it handles everything, and reaches everywhere. this is beyond wifi, this is xfi. simple. easy. awesome. xfinity, the future of awesome. she is one of the most outspoken advocates of the me too movement on capitol hill, but now, 2020 hopeful kirsten gillibrand is facing accusations that she mishandled a sexual harassment case in her office. a female staffer says one of her most prominent aides made repeated unwelcome advances toward her. she also accuses the aide of making crude remarks about female cloeg colleagues. after her office investigated the claim and found the aide's
behavior did not meet the standard for sexual harassment, the female staffer resigned. athena jones just talked to someone in the senator's office. what happened? >> this is interesting and difficult head loin for her of course because she's been a champion of the me too movement on capitol hill. you laid out some of what happened last summer. you had a staffer accusing another of making inappropriate remarks. now her aides would say she did exactly what she has called for people to do in such an instance, to hold a hearing or investigation. no one's arguing that everyone just because you're a pioneer or champion of me too dupt mean you won't have staffs who may act in the wrong way. they say the point here is that they carried out an investigation and there wasn't evidence. this same person accused, abas mal malik, a military aide, we try
ed to reach him and failed so far, this person was accused late r on just last week because of new allegations that surfaced that did vest gayed. now he's been fired, but wasn't fired over the summer. here is what she said in her statement. she said these are challenges that affect all of our nation's workplaces including mip and the question is whether or not they are taken seriously. allegations are made in the workplace, we must believe women so serious investigations can actually take place. we can learn the facts and there can be appropriate account bability. what happened at every step of the case last year. i told her we loved her at the time and the same is true today. she's made a name for herself and trying to prevent sexual harassment. >> which is one of the reasons why this young woman wanted on
board in the first place. >> in the resignation letter, b she says she after the 2016 election, wanted to work in politics, for senator gillibrand because of her strong stance against sexual harassment in the workplace. so it's a difficult situation she's in here, but her aides handled it properly. the staffer wasn't pleased with the outcome. they interviewed seven staffers. they punished him by taking away promotion, but the staffer stayed on until just this last week. so very difficult situation. >> want to continue this conversation, thank you so much. angela ris a cnn political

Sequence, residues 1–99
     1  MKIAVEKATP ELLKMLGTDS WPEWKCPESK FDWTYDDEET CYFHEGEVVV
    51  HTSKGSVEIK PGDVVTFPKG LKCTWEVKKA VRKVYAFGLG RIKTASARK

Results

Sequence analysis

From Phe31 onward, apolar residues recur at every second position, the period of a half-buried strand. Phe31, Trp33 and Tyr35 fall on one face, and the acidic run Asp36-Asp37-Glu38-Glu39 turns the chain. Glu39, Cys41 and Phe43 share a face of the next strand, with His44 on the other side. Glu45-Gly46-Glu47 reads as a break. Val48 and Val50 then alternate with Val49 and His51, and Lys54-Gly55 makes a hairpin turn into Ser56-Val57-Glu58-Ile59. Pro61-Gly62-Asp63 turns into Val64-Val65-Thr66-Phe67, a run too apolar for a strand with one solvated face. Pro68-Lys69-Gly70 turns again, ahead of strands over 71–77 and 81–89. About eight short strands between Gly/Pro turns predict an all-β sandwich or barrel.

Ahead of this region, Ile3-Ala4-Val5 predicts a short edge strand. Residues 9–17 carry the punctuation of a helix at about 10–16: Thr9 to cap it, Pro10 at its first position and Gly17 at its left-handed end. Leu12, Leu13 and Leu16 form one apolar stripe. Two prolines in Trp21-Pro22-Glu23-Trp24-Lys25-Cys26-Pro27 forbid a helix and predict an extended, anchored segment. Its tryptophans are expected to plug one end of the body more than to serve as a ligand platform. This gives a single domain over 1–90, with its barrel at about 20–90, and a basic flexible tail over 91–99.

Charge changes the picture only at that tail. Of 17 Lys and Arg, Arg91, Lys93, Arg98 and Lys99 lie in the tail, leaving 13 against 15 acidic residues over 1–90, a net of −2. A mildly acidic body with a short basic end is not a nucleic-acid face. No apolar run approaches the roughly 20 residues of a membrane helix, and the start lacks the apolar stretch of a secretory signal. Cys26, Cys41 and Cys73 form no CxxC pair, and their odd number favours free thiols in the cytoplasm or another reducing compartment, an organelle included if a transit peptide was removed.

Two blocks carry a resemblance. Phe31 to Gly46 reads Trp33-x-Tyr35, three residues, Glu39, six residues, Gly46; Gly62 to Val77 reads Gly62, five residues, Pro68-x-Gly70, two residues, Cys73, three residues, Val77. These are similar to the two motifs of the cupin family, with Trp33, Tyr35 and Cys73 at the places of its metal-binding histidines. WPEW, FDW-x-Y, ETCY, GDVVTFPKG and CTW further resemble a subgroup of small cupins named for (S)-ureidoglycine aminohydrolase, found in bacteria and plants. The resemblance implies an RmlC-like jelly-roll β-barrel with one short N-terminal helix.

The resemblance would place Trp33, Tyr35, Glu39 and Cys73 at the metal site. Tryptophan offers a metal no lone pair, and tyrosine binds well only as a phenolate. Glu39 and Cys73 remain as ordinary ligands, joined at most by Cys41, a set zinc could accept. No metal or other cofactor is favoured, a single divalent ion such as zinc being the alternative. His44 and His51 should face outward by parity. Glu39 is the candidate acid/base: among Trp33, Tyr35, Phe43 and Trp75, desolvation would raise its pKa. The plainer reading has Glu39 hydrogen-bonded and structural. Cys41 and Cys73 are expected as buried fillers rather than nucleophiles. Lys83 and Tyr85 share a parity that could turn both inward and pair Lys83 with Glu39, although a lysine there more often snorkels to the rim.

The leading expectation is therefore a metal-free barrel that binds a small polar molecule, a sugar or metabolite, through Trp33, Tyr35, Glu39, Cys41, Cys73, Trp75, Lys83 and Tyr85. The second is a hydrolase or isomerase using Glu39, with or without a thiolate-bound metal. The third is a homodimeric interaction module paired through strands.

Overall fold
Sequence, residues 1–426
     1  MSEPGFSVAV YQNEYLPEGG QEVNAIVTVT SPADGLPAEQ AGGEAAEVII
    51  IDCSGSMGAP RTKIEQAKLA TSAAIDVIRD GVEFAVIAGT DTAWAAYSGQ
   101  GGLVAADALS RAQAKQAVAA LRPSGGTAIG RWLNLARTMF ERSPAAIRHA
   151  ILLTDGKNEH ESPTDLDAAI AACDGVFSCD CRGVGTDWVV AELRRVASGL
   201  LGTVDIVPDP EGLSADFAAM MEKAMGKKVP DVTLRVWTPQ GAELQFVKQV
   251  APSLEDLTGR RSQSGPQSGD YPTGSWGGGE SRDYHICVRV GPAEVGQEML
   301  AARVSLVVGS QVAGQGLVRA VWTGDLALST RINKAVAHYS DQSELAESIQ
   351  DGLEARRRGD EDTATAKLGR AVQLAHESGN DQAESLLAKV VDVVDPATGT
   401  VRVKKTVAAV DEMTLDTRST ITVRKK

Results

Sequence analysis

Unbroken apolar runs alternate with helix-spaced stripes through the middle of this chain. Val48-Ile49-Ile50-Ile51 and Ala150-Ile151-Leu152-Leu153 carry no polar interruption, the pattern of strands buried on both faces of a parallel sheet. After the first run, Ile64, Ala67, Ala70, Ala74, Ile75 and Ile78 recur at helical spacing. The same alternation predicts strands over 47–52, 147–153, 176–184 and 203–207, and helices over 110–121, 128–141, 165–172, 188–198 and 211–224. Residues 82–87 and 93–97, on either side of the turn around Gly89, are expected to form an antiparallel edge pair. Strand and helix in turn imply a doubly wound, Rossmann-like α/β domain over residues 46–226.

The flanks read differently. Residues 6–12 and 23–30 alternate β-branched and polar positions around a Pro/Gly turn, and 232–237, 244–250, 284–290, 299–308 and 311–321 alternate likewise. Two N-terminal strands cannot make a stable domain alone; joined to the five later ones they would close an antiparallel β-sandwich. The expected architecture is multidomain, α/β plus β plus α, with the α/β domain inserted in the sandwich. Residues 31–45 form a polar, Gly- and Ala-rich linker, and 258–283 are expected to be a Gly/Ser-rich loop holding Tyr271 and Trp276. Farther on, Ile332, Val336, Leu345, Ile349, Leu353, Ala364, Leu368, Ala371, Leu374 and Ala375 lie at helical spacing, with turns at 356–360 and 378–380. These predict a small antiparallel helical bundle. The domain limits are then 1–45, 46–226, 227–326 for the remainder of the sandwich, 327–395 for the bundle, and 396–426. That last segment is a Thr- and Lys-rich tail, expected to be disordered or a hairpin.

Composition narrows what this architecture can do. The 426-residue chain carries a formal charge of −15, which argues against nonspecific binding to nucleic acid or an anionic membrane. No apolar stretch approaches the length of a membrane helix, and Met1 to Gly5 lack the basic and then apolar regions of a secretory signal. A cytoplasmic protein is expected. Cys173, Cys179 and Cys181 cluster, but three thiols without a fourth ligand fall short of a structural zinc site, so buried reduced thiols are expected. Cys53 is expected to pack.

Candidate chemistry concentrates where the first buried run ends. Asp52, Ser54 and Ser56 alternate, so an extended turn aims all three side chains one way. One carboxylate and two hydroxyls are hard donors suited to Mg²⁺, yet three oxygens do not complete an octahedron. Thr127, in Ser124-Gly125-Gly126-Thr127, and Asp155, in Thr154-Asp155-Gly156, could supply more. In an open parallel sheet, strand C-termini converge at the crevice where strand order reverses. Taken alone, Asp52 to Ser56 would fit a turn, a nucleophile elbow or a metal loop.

commentator. as she swrus just pointed out, it's addressed on the hill and the military. what do you think of how she handled this? >> it's pretty incredible. the first thing i questioned when i saw this article, brooke, if in fact he made these comments, if in fact he did had appropriate advances, that's the textbook definition according to the equal employment opportunity commission, the eeoc, that handles these things, that defines them for us at the federal government level. what exactly sexual harassment is. so i'm not sure when they say he did, he made some derogatory comments and handled himself and conducted himself inappropriately, what does that exactly mean. >> seems like it should be black and white. >> right. if it was sexual in nature, it doesn't have to be a sexual advance. just about her being a woman. that's sexual harassment
according to the eeoc, so i'm curious to know what their procedures were. one of the complaints the young woman had was the entity on the hill on the house side, it's the office of employment counsel. i can't remember what the senate counterpart is. but she said it took 30 days for a mediation. that is the process. but one thing that i would love for the senator to answer, brooke, is if this guy was her supervisor, which is what's reporteded, why would he continue to be her supervisor at least during the time of her investigation? that's going uncomfortable. he's going to retaliate. you can't help it. there are a number of questions i have and i feel very badly. this is someone who has experienced misconduct on the hill, as a younger woman senator, she experienced it firsthand so she knows what it's like. she knows the culture. i'm curious as to why she wasn't
put in more of a safe space. >> senator gillibrand led the charge calling for the resignation of al franken after he faced claims of sexual harassment. remember the photo? that seemingly has backfired for her. do you think there's any impact on this on senator gillibrand's candidacy? >> i think it can. one thing i hope happens from this is that we have a real conversation about me too. a real conversation about sexual harassment a real conversation about sexual assault. the reality of this is like you just said a second ago, it should be black and white. it's black and white until our feelings get involved. it's black and white until it's somebody we know. until it's somebody b who we say they would never do that. i know it firsthand because i've said this and defended the same thing. sometimes you have evidence that demonstrates that same thing. but what happens when you say something like that and it automatically debunks the real,